The strong-arm prosecutorial tactics come as many parents are being pressured to cut deals. On Monday, Golden Globe-winning actress Felicity Huffman admitted wrongdoing and agreed to plead guilty in a deal that is likely to mean jail time for the "Desperate Housewives" star.

In the new indictment announced by federal prosecutors in Boston, the parents all face the added charge of conspiracy to commit money laundering. Prosecutors said the 16 parents charged allegedly conspired to launder bribes paid to admitted ringleader William Singer — a Newport Beach businessman — "by funneling them through Singer's purported charity and his for-profit corporation."

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Loughlin and other parents now indicted on the money-laundering charge could find themselves facing heftier prison terms. Among those named in the new indictment were I-Hsin "Joey" Chen, 64, of Newport Beach; Douglas Hodge, 61, of Laguna Beach; Michelle Janavs, 48, of Newport Coast; and Homayoun Zadeh, 57, of Calabasas.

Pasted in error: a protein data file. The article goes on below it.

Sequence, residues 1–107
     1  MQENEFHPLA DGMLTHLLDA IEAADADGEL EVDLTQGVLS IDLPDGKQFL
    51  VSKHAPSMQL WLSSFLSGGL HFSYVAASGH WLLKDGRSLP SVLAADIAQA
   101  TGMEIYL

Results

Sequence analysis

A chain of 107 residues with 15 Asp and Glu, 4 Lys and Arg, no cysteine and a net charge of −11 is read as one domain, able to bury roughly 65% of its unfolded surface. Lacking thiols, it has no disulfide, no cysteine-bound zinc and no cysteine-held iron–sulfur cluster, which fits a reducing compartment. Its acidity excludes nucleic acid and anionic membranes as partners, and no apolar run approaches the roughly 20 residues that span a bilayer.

The charge of conspiracy to commit money laundering carries a maximum sentence of 20 years in prison, three years of supervised release and a fine of $500,000. The fraud-conspiracy charge also carries a maximum 20-year prison term, three years of supervised release and a fine of $250,000.

Chen, who works in the shipping industry, allegedly paid $75,000 for help cheating on his son's college admissions test, according to court documents. 

Fifty people across the country, including parents and some college athletics coaches, have been implicated in the scandal, and some have already struck plea deals with prosecutors, including Huffman.

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Loughlin, 54, and her husband, fashion designer Mossimo Giannulli, 55, were originally charged with conspiracy to commit mail fraud and honest services mail fraud for allegedly paying $500,000 to have their daughters admitted to USC by portraying them as recruits to the university's crew team, even though neither had ever participated in the rowing sport.

Huffman, one of the most high-profile parents caught up in the scheme, will plead guilty for agreeing to pay at least $15,000 to bolster her oldest daughter's score on the SAT exam. She is among 13 parents who have agreed to plead guilty in the scheme. Huffman has agreed to plead guilty to one count of conspiracy to commit mail fraud and honest services mail fraud.